Norma Jean Dougherty, a 20-year-old brunette beauty, walked past Los Angeles photographer Bruno Bernard in July 1946 as he left a dentist’s office. He followed the young woman and gave her his business card: Bernard of Hollywood. The next day she showed up at his studio, and he shot her first professional portraits.
Soon after, the aspiring starlet bleached her hair, hired a talent agent and changed her name to Marilyn Monroe.
Fifty years after her death at 36 from an overdose of barbiturates, the movie queen’s earliest portraits by Bernard — up to and including the iconic photos he took of Monroe’s skirt blowing over her head in 1955’s The Seven Year Itch — will be on display through November at the World Erotic Art Museum in South Beach.
“She was a sexual icon. She symbolizes sex. She was the epitome of an erotic turn on,” says Naomi Wilzig, owner and curator of the museum.
The South Beach exhibit will feature 27 Bernard photos on loan from his daughter, writer Susan Bernard, who compiled a book of his Monroe portraits, Marilyn: Intimate Exposures ($35).
“Since she passed, each decade, she becomes bigger than life,” Susan Bernard says.
Bruno Bernard died at 78 in 1987, three years after the Academy of Motion Picture Arts and Sciences honored him with a dinner and exhibit in Los Angeles. In 1999, New York’s Museum of Modern Art chose Bernard’s portrait of Monroe in Seven Year Itch — “Marilyn in White” — to represent its “Fame After Photography” exhibit.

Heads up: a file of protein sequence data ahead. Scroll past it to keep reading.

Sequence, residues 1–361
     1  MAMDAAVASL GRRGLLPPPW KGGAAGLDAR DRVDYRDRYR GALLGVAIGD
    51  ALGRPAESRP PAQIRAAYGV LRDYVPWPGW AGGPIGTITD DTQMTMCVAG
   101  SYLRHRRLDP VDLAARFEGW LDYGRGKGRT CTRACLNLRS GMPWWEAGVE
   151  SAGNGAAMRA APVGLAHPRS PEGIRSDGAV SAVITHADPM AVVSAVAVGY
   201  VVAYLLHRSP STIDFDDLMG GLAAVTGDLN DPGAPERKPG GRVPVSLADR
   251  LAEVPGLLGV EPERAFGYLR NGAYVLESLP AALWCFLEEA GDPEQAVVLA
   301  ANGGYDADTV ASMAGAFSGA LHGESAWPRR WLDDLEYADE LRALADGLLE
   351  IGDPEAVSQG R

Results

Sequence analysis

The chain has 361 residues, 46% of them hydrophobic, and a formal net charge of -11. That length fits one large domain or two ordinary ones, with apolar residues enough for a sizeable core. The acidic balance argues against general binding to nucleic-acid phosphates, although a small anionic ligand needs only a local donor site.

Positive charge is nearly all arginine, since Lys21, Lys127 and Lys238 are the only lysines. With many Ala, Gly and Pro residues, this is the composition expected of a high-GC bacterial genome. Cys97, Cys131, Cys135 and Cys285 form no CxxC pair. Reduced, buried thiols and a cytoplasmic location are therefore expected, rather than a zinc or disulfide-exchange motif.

Susan Bernard, a former actress and Playboy’s Miss December 1966, says she still can’t put her finger on what made Monroe so special.
“Certainly at that time, there were more beautiful women like Elizabeth Taylor,” Bernard says. “There were others who were better actresses, but she survived them all. It’s just astonishing, actually.”
Monroe and her father had a special bond: both had been raised in orphanages. Bruno Bernard fled Nazi Germany in the early 1930s with few possessions, just a box camera that had been given to him at age 11 by his mother, Susan Bernard says.
“He came to America alone and penniless,” she says.
In Los Angeles, Bernard opened a photo studio inside his apartment. He called himself Bernard of Hollywood.
“No one knew the name of Bernard, but everyone knows Hollywood,” Susan Bernard says. “He branded himself.” Bernard also photographed movie legends including Bing Crosby, Clark Gable, Sophia Loren and Gregory Peck.
Bernard documented Monroe’s rise to fame, doing off-screen publicity shots for such films as Niagara, Gentlemen Prefer Blondes and How to Marry a Millionaire (all 1953).
Their final photo shoot together was Seven Year Itch. Hundreds of photographers, extras and gawkers watched as Monroe filmed the skirt-blowing scene on Lexington Avenue and 52nd Street in Manhattan. So many fans whistled and cheered, the footage was unusable and had to be reshot later on a quiet 20th Century-Fox back lot.
That night, Monroe fought with her humiliated husband, Yankees baseball great Joe DiMaggio.
Bruno Bernard once wrote that after the filming, he went to the DiMaggios’ hotel to take another photo for Redbook: “From the hall outside their suite at the St. Regis, I could hear a heated quarrel followed by her hysterical crying. I left, and never got my sitting.”
“The Magic of Marilyn” runs 7 p.m. Wednesday through Nov. 30 at the World Erotic Art Museum’s new contemporary space, 235 12 th St., Miami Beach. Tickets are $15; no one under 18 admitted.
“The Seven Year Itch” will be screened 8 p.m. Thursday at Miami Beach Cinematheque, 1130 Washington Ave. $10 adults; $9 students and seniors.